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U.S. lugers finish 6th in doubles competition

Christian Niccum and Dan Joye of the United States compete in the men's double luge during the 2010 Winter Olympics in Whistler, British Columbia, on Wednesday, February 17, 2010. They finished in sixth place. (Steve Ringman/Seattle Times/MCT)
Christian Niccum and Dan Joye of the United States compete in the men's double luge during the 2010 Winter Olympics in Whistler, British Columbia, on Wednesday, February 17, 2010. They finished in sixth place. (Steve Ringman/Seattle Times/MCT)

WHISTLER, British Columbia — Luger Christian Niccum slid into the finish area at Whistler Sliding Centre with his best Olympic finish Wednesday night, but all he could think about was his family.

"It was hard to see them up there (in the crowd)," Niccum, 32, of Woodinville, Wash., said after sliding to a sixth-place finish with partner Dan Joye in Wednesday's luge doubles competition, won by Andreas and Wolfgang Linger of Germany.

Wrapped in an American flag, partially to keep warm on the coldest night so far at the Olympics, Niccum was still searching for wife Bobbie Joe and their young daughter long after he climbed off his sled.

"I'm still looking for a hug and a kiss," he said.

Niccum and Joye's two-race total of 1 minute, 23.291 seconds was the top finish for an American pair. Fellow veteran U.S. sliders Mark Grimmette and Brian Martin finished 13th, at 1:24.005.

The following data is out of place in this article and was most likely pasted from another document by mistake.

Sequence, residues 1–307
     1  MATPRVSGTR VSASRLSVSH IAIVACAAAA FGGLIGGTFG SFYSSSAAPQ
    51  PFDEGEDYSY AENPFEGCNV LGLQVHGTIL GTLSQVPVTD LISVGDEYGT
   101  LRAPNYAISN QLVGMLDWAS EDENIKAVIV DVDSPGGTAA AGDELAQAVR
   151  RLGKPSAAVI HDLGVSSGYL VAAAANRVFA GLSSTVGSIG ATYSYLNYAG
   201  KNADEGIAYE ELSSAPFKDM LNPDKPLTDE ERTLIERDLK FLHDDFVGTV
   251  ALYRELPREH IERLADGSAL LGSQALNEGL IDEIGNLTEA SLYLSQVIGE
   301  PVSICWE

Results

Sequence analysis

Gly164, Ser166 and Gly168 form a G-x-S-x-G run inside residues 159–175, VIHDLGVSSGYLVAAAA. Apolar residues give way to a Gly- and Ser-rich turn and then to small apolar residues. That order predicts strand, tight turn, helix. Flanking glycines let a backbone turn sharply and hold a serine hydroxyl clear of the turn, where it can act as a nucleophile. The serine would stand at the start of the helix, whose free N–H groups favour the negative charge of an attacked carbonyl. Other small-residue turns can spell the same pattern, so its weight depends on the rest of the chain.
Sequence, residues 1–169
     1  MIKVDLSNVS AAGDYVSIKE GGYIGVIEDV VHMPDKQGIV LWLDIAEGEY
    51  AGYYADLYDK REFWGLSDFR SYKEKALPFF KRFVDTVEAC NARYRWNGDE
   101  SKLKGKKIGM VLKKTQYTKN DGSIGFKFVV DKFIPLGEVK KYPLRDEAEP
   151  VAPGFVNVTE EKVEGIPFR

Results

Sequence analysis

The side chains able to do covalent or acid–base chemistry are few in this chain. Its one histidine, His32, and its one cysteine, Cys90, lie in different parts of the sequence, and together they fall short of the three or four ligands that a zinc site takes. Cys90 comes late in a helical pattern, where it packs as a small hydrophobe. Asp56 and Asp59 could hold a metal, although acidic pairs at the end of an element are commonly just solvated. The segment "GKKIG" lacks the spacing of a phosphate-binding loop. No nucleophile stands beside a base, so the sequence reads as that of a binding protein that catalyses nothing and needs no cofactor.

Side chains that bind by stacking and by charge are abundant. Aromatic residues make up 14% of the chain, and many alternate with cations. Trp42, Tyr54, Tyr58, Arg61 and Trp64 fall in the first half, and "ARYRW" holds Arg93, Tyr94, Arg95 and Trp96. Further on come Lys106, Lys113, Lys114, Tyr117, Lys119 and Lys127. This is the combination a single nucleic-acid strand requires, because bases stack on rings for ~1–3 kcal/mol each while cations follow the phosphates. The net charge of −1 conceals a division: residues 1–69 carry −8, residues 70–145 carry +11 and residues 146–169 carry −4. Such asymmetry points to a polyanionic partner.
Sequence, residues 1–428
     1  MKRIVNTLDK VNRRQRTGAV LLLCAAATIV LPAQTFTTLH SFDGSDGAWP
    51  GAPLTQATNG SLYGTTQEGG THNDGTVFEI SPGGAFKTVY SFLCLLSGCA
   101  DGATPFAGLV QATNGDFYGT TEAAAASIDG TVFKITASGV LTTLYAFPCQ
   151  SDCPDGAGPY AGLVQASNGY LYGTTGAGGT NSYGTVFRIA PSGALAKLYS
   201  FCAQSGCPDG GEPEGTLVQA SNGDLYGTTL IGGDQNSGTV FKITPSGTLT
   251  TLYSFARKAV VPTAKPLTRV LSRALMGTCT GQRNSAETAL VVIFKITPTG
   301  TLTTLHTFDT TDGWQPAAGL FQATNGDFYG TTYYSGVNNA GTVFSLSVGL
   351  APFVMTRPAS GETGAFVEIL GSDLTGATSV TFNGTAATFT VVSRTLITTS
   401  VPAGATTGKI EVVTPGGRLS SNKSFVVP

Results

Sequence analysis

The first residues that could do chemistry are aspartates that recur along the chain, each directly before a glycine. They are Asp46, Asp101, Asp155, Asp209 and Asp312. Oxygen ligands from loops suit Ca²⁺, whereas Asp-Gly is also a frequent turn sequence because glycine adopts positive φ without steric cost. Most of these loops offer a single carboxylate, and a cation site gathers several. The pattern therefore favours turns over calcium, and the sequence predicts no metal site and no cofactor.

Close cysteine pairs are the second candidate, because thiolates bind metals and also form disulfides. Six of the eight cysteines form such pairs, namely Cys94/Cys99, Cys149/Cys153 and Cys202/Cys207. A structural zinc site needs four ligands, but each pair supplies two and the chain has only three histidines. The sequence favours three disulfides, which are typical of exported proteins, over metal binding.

While they came to the 2010 Winter Olympics in search of a medal, Niccum and Joye said competing in front of friends and family — many of whom had never seen a live luge race — was a dream realized.

They also can take solace in one major accomplishment: They finished ahead of the top Canadian team, Chris and Mike Moffat, who like all Canadian sliders had a serious home-court advantage because of extended training time on the track.

The doubles luge event, like all sliding events here, played out under the cloud of grief for a Georgian singles luger who died in a training accident Friday. In the wake of that crash, officials moved men's events to the lower, women's start, partially to slow speeds on the world's fastest sliding track.

Niccum said that switch was appropriate — not so much for safety, but out of respect for Nodar Kamaritashvili, the dead slider.

"It's a respectful thing to do," Niccum said. "It's like, you put the flag at half mast. It shows respect for the situation, to what happened."

Niccum's focus on family likely will be key to his sliding future.

Both he and Joye say they still have competitive fire, but also have young families at home. Luge doesn't offer much in the way of financial support for American athletes. For much of the time he trained for Vancouver, Niccum's family lived with his parents in suburban Seattle.

Niccum, who has been a luge slider since he was a teen, says he has stayed in the sport as long as he has mostly because he still loves the childlike thrill of sliding down mountains on a sled.

"The snow's got to melt someday," he said, then explained: "When you're in grade school and it snows too much, school's out, so you go sledding.

"Well, school's been out for a long time for us. Maybe it's coming (time) that we've got to go back to school. The dream's got to end at some point."

Niccum competed as a singles slider in the 2006 Turin Games, where he finished 23rd.

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